The energy of the future could come from the sewerage of today, with the development of a new type of battery which draws power from dissolved organic matter.

In the same week that international scientists publish clearer evidence of humanity’s influence on climate change, the Australian government is reducing its focus on pollution, the environment and science itself.

A total funding pool of nearly half a million dollars has been put up for investigator-driven research in Australia.

Many people may feel that their imagination has diminished since they left the schoolyard and entered the workplace, but new research has found the imagination is still there – manipulating thoughts and memories within its own ‘mental workspace’.

The structure of a new material created at the University of Sydney manages to mimic the petals of a rose on a nano-scale – capturing beads of water and other liquids across its skin.

UPDATE: Back to the drawing board 

Microscopic robots have been created which can be injected into the human body to carry drugs or conduct analyses without the need for invasive surgery.

A new technique is allowing researchers to screen cells for mutations and diseases in months rather than years.

A new material could form the basis for the next generation of digital storage.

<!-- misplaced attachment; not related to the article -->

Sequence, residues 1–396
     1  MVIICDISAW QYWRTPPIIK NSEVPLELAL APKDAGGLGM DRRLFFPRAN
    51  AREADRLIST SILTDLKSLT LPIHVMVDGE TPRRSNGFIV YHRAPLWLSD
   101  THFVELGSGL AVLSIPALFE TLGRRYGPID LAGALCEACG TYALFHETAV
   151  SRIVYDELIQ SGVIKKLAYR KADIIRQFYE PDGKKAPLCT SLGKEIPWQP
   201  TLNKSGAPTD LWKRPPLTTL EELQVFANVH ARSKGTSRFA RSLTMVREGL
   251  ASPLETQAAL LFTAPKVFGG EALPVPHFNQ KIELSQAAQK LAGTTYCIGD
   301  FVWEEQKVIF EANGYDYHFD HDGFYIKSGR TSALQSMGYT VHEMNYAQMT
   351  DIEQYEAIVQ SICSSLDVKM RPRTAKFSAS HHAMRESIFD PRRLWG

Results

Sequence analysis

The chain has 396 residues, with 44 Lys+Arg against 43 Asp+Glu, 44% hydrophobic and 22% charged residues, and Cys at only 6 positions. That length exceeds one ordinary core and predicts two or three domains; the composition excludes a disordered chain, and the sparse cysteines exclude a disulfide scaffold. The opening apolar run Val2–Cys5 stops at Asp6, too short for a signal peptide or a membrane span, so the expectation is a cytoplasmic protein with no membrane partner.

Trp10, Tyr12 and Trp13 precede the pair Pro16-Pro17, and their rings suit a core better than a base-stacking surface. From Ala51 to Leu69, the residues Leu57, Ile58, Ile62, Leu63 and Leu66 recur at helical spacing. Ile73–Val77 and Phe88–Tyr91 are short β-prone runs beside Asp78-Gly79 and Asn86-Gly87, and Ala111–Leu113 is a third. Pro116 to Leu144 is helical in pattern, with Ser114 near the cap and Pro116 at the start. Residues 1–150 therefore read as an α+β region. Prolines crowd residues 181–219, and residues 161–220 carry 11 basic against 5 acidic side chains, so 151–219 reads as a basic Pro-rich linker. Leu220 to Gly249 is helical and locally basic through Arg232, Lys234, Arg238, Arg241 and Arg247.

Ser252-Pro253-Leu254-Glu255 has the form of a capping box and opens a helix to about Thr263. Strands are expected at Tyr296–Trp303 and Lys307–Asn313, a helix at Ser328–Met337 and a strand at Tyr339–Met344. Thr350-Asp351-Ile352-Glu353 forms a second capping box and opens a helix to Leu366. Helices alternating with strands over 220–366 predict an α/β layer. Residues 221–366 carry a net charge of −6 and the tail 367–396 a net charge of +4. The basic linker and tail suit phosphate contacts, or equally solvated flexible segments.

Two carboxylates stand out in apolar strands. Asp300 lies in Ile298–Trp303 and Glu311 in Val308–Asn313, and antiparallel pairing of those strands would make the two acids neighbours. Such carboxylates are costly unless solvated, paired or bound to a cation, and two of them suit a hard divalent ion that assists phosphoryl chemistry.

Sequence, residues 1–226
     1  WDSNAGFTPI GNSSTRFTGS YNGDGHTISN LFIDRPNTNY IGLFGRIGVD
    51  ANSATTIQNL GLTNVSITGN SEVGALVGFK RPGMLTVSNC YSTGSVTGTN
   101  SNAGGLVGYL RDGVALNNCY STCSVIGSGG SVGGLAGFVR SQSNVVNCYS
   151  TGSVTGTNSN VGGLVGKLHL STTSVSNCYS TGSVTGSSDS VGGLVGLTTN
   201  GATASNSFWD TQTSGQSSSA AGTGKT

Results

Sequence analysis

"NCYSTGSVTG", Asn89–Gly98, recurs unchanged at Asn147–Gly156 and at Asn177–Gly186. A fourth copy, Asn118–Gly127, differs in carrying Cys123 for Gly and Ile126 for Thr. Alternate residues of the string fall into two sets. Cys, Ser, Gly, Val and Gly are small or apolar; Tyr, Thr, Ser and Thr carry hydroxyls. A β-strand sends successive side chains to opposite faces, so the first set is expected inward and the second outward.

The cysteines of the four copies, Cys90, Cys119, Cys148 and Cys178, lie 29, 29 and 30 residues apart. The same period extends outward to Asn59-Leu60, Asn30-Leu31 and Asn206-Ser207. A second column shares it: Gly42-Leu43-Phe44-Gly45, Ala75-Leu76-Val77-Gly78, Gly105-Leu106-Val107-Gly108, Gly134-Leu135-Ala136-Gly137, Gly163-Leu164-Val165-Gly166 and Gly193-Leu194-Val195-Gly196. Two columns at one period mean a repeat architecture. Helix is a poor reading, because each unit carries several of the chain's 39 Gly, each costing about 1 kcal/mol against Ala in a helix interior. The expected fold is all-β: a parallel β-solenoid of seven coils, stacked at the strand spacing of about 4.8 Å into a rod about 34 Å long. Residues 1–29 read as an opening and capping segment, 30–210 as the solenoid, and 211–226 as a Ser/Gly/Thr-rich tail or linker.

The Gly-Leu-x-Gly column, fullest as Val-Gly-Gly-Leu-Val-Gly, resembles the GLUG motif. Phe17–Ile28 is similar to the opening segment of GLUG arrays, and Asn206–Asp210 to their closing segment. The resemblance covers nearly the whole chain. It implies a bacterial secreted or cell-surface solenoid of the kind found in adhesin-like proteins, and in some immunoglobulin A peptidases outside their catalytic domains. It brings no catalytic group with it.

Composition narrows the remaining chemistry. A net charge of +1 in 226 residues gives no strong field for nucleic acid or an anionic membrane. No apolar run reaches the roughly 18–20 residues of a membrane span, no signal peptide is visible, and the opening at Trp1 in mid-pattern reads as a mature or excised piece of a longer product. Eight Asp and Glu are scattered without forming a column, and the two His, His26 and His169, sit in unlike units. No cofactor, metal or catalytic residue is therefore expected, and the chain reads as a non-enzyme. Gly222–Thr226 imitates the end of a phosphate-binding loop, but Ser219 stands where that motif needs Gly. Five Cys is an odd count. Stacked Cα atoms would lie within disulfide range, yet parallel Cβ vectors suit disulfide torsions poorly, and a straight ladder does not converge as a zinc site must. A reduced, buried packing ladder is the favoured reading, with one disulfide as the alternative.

Obesity remains one of the major public health challenges internationally, with weight-loss quick-fixes arriving at a constant rate, but rarely sticking around long enough to help.

An astounding discovery has shown massive underground water supplies beneath a remote region of Kenya, normally plagued by drought.

Scientists at the University of Queensland have achieved quantum teleportation within an electronic chip, transmitting an atom instantly from one place to another.

A new study has suggested students who read for pleasure are heading for much higher marks than their peers.

The Queensland Farmer’s Federation is one of the first of many groups which will be hoping the newly-elected government sticks to its pre-poll promises.

Evidence has been found of diverse life forms which have been locked in lakes buried beneath Antarctica for over one hundred thousand years.

Almost everybody is familiar with the slow roll of waves at the beach, the subject of millions of cliché postcards and holiday snaps, but now scientists have recorded the breaking of waves as tall as skyscrapers - deep beneath the ocean’s surface.

Manta rays are immense, smooth, dark, intimidating and certainly difficult to miss, but scientists in Queensland are concerned about the future of the world’s largest ray.

Scientists have discovered a range of new organic molecules in a meteorite which have never been seen before.

Scientists have successfully erased selected memories in mice and rats, while leaving others totally unaffected.

Members of the broad Australian scientific community will be wondering what the future holds this week; with pre-poll comments from the newly-elected federal government clouding the path ahead for many researchers.

Dingoes have most certainly been given a bum rap in Australia but a new study has helped put them on the path to redemption, showing that dingoes are not responsible for the mainland extinction of the thylacine and Tasmanian devil.

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